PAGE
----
Lessons Learned: “The Work in Their Words”

So far, the most valuable achievement of the NMWEI has been to get a foot in the door with stakeholders and build a strong presence at the state-level on behalf of workers. This network has been able to articulate pathways to quality jobs, and stability for workers, by examining what’s truly at stake if we don’t – and in so doing, reinforcing what we have always known at Cultivating Coders: training within these pathways needs to be free, it needs to be within rural communities- not just urban hubs- and provided in the language and culture of those community members. The network has been able to make strides by looking at who is furthest from the opportunities and going directly to them, asking what are the regional and local needs throughout New Mexico and how do we provide flexible requirements for participation and therefore worker success.” – Adrienne Koplik, Cultivating Coders.

“I have enjoyed the progress and impacts of the network members that I can bring to our community centers.  I respect and value the team’s knowledge and creativity in problem solving. I like translating to Navajo while we discuss opportunities in workforce developments”– Roberta Roberts, Navajo & Hopi Families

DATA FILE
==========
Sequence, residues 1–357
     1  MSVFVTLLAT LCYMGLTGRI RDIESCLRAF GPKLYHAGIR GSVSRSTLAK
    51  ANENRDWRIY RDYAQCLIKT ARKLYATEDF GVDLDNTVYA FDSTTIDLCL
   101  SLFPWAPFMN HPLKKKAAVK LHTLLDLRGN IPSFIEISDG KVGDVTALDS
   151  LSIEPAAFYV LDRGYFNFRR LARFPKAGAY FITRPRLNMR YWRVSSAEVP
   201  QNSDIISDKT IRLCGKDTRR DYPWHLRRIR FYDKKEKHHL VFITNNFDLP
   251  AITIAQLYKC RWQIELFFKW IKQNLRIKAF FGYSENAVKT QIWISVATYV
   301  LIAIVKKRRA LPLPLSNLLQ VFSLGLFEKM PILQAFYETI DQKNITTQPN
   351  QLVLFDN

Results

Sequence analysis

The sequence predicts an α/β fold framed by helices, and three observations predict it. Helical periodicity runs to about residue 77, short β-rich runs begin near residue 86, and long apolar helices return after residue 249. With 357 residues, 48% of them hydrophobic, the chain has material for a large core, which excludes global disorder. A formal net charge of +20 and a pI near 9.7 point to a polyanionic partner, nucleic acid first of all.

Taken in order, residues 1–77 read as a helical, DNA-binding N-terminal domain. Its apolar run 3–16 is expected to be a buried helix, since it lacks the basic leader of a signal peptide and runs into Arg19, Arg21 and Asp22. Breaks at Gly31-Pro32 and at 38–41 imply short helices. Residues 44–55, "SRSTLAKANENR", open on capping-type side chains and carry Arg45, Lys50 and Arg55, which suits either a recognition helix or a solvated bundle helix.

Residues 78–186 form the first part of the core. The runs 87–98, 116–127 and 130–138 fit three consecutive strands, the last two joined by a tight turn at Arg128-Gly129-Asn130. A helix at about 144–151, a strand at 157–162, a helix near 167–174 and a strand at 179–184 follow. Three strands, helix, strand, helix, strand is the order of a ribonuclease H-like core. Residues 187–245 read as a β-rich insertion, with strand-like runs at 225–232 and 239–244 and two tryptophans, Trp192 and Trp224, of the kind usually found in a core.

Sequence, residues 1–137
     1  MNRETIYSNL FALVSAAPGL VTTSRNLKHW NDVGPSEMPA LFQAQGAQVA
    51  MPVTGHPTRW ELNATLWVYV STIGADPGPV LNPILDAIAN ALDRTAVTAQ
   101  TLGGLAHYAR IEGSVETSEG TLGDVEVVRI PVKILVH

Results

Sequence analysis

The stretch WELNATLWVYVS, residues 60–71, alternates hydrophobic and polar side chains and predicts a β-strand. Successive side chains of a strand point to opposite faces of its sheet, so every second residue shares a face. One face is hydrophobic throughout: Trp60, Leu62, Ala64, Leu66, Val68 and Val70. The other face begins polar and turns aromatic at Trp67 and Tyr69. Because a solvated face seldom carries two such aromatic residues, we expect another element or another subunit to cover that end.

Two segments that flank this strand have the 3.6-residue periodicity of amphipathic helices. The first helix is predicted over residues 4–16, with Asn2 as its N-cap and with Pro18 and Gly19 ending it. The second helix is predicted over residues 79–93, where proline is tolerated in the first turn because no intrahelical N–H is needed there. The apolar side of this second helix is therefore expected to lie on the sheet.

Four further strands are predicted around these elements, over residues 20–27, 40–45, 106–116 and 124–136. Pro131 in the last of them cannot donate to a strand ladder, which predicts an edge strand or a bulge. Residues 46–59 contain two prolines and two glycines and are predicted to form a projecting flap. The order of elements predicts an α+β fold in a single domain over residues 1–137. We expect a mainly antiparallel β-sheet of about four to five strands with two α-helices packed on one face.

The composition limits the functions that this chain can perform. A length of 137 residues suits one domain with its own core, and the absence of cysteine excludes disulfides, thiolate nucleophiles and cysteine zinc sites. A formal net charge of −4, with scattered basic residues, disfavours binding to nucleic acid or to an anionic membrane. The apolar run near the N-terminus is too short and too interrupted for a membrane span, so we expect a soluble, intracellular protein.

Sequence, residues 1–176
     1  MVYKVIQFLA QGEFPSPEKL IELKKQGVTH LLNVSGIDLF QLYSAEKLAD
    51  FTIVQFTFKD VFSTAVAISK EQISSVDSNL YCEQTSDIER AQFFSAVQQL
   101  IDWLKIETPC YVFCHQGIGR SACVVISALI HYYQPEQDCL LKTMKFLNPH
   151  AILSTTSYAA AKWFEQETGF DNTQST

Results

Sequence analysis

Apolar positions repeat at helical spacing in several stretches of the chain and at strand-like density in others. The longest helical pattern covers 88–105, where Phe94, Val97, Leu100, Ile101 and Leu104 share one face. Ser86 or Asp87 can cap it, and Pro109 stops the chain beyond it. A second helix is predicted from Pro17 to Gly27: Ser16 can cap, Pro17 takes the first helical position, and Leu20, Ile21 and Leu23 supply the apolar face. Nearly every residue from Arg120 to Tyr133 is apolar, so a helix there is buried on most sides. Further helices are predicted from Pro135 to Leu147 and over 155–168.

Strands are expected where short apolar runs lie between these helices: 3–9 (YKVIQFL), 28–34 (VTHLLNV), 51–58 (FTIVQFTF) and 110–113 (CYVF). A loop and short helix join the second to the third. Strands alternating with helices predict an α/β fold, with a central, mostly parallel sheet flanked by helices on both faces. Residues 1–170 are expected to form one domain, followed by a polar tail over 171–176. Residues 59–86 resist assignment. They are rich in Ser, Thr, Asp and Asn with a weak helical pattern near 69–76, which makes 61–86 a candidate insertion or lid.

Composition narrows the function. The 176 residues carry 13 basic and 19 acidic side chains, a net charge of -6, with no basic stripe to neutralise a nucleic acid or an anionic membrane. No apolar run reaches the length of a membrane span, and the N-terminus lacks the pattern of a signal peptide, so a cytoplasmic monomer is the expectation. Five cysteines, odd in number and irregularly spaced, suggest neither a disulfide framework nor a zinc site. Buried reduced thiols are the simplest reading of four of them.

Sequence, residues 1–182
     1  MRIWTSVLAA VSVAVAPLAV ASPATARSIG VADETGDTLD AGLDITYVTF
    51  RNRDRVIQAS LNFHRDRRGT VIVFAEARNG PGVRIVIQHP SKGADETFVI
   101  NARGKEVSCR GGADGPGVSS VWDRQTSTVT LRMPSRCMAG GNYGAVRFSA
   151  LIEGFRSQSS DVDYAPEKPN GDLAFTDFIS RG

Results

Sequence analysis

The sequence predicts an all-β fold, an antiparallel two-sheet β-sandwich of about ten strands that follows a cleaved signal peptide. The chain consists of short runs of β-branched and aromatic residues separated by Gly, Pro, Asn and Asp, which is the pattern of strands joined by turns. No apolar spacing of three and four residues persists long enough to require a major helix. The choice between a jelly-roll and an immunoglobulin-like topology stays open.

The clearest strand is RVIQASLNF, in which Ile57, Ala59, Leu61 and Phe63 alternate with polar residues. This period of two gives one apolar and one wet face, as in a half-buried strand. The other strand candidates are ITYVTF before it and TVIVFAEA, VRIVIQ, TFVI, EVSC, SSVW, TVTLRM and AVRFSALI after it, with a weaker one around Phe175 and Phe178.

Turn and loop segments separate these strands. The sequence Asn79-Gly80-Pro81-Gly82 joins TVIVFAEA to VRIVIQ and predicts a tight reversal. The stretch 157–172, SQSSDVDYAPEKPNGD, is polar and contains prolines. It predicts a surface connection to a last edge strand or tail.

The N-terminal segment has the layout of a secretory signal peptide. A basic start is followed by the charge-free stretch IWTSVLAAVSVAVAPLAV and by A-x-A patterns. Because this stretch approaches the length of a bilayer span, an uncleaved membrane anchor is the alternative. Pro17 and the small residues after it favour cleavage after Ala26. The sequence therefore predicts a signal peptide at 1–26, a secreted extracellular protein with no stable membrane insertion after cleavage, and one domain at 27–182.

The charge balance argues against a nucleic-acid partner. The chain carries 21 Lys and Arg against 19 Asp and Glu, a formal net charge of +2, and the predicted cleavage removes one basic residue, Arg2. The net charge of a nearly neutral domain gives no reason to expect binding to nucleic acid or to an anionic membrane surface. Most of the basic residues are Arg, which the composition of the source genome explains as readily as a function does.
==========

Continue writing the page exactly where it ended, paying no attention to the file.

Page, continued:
“One experience in particular that had an impact on me was hearing the presentation from Secretary Nair, talking about the jobs that are open and the workers seeking jobs. While these numbers are nearly identical, it clearly illustrates that there are pathways needed for people to get successfully matched with jobs—people from New Mexico—instead of relying on workers from neighboring states. The stories of marginalized workers in New Mexico who have faced systemic barriers, discrimination, and lacking a voice in the workplace reinforced the urgency and importance of addressing these issues statewide. It really highlighted the need for comprehensive solutions that prioritize NM workforce, centers on equity and justice for all workers.”– Everette Hill, SIS group

Special thanks to the following partners leading these efforts:

New Mexico Foundation; Cultivating Coders (Bernalillo County); Future Focused Education (Bernalillo County); HELP NM (Bernalillo County); National Indian Youth Council (Bernalillo County); Somos Un Pueblo Unido (Santa Fe County); Navajo & Hopi Families COVID-19 Relief Fund (San Juan County); Community Action Agency of Southern NM (CCASNM) (Doña Ana County) Farm to Table New Mexico (Santa Fe County); Health Equity Alliance for LGBTQ+ New Mexicans (HEAL+NM) (Bernalillo County); Healthy Native Communities Partnership Inc. (San Juan County) Encuentro (Bernalillo County); La Semilla Food Center (Doña Ana County); New Mexico Black Leadership Council (Bernalillo County); New Mexico Caregivers Coalition (Bernalillo County); New Mexico Comunidades en Acción y de Fé (NM CAFé) (Doña Ana County); Center for Southwest Culture (New Mexico Thrives) (Bernalillo County); Nelsy Dominguez, C3Perspecitives, Everrett Hill, SIS group, and generous support of the W.K. Kellogg Foundation.